HEADQUARTERS ARMY OF NORTHERN VIRGINIA, July 31, 1863.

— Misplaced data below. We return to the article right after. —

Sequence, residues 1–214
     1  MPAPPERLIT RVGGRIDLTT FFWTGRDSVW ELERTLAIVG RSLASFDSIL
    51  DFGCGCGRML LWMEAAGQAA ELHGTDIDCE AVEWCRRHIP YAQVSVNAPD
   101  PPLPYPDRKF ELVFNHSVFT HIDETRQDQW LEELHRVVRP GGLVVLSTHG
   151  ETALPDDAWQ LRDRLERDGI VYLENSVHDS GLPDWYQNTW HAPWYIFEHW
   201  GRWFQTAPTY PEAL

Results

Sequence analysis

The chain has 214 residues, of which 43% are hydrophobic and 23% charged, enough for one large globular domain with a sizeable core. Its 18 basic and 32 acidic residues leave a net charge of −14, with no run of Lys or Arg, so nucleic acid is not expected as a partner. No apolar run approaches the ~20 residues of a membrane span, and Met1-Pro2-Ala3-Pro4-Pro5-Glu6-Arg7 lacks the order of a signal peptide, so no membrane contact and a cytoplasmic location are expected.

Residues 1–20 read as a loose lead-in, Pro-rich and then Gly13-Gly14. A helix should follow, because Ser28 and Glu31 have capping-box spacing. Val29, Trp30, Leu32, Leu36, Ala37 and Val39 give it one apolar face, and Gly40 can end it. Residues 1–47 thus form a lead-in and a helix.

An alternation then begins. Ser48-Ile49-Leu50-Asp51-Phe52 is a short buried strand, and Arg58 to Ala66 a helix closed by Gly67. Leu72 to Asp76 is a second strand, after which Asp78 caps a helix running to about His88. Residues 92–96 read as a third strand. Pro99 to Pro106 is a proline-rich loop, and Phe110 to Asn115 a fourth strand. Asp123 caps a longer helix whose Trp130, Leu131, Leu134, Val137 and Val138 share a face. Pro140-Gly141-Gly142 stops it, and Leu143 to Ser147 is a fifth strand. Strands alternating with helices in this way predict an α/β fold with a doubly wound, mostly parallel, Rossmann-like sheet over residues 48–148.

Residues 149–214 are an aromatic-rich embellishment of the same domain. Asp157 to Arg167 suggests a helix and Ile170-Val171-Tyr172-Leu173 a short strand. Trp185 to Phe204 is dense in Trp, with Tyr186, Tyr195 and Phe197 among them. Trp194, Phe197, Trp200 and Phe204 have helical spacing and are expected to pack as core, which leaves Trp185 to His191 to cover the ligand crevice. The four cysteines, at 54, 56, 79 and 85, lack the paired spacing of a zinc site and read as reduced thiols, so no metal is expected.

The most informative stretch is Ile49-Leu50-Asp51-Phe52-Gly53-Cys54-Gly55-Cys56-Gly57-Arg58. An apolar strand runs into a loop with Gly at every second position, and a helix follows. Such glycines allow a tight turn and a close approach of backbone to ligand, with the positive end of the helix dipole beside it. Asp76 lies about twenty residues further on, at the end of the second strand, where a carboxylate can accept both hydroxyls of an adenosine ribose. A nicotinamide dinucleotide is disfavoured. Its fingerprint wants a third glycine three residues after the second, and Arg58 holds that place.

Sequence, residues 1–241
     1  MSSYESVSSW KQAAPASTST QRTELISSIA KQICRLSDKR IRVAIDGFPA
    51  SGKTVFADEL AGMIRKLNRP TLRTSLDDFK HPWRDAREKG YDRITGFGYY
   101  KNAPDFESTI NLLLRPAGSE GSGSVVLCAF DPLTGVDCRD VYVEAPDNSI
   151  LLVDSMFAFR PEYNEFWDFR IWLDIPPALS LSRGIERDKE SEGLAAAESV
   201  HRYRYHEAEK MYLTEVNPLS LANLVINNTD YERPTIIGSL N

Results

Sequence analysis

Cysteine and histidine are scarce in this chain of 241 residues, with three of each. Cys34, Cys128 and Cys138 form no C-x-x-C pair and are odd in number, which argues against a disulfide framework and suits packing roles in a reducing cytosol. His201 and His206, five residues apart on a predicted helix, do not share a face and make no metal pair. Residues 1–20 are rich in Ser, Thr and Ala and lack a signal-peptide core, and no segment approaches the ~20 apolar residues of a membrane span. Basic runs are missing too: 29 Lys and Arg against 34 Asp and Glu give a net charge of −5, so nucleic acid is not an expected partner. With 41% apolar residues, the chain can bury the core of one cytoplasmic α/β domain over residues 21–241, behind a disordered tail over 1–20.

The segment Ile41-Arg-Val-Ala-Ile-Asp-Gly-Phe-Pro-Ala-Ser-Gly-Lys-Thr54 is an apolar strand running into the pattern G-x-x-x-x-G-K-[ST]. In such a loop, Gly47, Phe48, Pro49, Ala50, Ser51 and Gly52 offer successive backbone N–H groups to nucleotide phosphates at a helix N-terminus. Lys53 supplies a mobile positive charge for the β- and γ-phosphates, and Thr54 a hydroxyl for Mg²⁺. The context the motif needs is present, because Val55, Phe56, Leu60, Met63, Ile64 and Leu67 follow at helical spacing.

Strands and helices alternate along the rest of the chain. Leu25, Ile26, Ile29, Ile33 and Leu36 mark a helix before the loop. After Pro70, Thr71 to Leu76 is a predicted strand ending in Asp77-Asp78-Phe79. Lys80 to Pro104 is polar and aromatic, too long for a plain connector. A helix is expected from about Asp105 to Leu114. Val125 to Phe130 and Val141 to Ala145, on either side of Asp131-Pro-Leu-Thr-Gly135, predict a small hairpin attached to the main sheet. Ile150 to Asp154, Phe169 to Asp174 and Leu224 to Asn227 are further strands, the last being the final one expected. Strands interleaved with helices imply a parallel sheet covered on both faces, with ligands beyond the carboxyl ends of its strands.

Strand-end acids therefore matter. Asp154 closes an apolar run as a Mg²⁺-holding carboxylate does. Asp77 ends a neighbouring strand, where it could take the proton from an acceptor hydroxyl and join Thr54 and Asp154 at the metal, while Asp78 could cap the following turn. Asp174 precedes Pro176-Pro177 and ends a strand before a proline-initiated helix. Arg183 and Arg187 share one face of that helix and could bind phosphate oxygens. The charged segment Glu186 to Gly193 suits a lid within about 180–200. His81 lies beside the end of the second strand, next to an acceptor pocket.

GENERAL: I have the honor to submit the following outline of the recent operations of this army, for the information of the Department: The position occupied by the enemy opposite Fredericksburg being one in which he could not be attacked to advantage, it was determined to draw him from it . The execution of this purpose embraced the relief of the Shenandoah Valley from the troops that had occupied the lower part of it during the winter and spring, and, if practicable, the transfer of the scene of hostilities north of the Potomac. It was though that the corresponding movements on the part of the enemy to which those contemplated by us would probably give rise, might offer a fair opportunity to strike a blow at the army then commanded by General Hooker, and that in amy event that army would be compelled to leave Virginia, and, possibly, to draw to its support troops designed to operate against other parts of the country . In this way it was supposed that the enemy's plan of campaign for the summer would be broken up, and part of the season of active operations be consumed in the formation of new combinations, and the preparations that they would require . IN addition to these advantages, it was hoped that other valuable results might be attained by military success . Actuated by these and other important considerations that may hereafter be presented, the movement began on June 3. McLaws' division, of Longstreet's corps, left Fredericksburg for Culpeper Court-House, and Hood's division, which was encamped on the Rapidan, marched to the same place . They were followed on the 4th and 5th by Ewell's corps, leaving that of A. P. Hill to occupy our lines at Fredericksburg . The march of these troops having been discovered by the enemy on the afternoon of the 5th, on the following day he crossed a force amounting to about one army corps to the south of the Rappahannock, on a pontoon bridge laid down near the mouth of Deep Run . General Hill disposed his command to resist their advance, but as they seemed intended for the purpose of observation rather attack, the movements in progress were not arrested. The forces of Longstreet and Ewell reached Culpeper Court-House by the 8th, at which point the cavalry, under General Stuart, was also concentrated. On the 9th, a large force of Federal cavalry, strongly supported by infantry, crossed the Rappahannock at Beverly and Keley's Fords, and attacked General Stuart. A severe engagement ensued, continuing from early in the morning until late the afternoon, when the enemy was forced to recross the river with heavy loss, leaving 400 prisoners, 3 pieces of artillery, and several colors in our hands. General Jenkins, with his cavalry brigade, had been ordered to advance to Winchester, to co-operate with the infantry in the proposed expedition into the lower Valey, and at the same time General Imboden was directed with his command to make a demonstration in the direction of Romney, in order to cover the movement against Winchester, and prevent the enemy at that place from being re-enforced by the troops on the line of the Baltimore and Ohio Railroad . Bout of these officers were in position when General Ewell left Culpeper Court-House on the 10th . Crossing the Shenandoah near Front Royal, he detached Rodes's division to Berryville, with instructions, after dislodging the force stationed there, to cut off the communication between Winchester and the Potomac . With the
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